While the law has made some key changes, the most outstanding ones have been with relation to interest rate capping. It caps the maximum rate for a credit facility at no more than 4% of the base rate set and published by the Central Bank, and sets the minimum interest rate one can earn on a deposit held in Kenya to at least 70% of the central bank rate. The current base rate used by the Central Bank is 10.5%, setting the maximum interest rate one can be asked to pay at 14.5%, while the minimum that can be paid on deposits is 7.35%. The Commercial Bank of Africa, though, has decided to use the Kenya Banks Reference Rate (KBRR), which is 8.8%, making their interest rate for loans 12.9% and interest paid on deposits 6.23%.
The Act requires that banks or financial institutions that offer loans to borrowers disclose all charges and terms related to that loan. The people need to understand all the charges and rates that apply before making their decision. It also makes it illegal for persons (which banks and financial institutions are) to enter into agreements to borrow or lend at interest rates in excess of those prescribed by the law. It prescribes to fine banks or institutions that contravene this to a fine of no less than 1 million shillings, a one year jail term (for their employees), or both.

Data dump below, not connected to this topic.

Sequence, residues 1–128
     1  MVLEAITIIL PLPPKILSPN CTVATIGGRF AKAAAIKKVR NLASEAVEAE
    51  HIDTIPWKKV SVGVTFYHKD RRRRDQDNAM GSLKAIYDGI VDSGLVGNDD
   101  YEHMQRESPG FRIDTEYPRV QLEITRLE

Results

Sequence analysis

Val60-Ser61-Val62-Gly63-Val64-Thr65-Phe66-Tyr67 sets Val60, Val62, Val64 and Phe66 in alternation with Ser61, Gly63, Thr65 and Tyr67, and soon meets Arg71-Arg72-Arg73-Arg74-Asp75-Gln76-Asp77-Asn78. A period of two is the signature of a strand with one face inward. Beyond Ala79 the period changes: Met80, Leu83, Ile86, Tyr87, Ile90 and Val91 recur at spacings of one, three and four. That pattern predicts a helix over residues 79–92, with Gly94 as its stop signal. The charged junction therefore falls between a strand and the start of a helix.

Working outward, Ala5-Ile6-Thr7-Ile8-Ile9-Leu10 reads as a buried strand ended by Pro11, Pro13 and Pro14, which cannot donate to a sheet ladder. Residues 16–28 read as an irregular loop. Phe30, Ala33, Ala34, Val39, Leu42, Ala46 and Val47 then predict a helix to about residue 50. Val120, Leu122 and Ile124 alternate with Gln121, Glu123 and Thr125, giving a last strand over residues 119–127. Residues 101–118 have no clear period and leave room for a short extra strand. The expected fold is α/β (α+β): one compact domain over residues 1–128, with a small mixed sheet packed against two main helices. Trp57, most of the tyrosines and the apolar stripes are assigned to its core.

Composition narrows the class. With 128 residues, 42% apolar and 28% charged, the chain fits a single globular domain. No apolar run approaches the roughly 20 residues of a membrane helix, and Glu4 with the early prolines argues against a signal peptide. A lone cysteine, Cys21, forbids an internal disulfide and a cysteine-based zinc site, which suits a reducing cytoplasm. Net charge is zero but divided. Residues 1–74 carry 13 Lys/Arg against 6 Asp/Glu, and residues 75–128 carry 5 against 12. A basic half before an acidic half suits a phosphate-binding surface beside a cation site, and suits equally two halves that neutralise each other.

Predictably, many experts have cautioned against efforts to cap interest rates, with reactions ranging from mild cautionary messages to warnings of doom. Before this law, banks would comfortably pay you 2% interest on your deposits, while charging you an upwards of 25% for loans, many times with the discretion to increase your interest rate or payment period (this would always be hidden in obscure terms and conditions). There is a well-worn economic argument about interest rates: they restrict the flow of capital and distort financial markets by going against the theory of free markets.
This, of course, is hinged on multiple assumptions. One, that the market is a free market, which is an economic system in which prices are determined by unrestricted competition between privately owned businesses. In a free market, the prices of goods are dictated by suppliers and consumers, and the credit market is just like any other market. The sellers are the banks and financial institutions, and the buyers are the borrowers. The price is the interest rate. The lower the quantity of credit, the higher the interest rates, and the higher the quantity of credit, the lower the interest rate. But, from what we know, there are no actual free markets globally, and this extends to the credit market.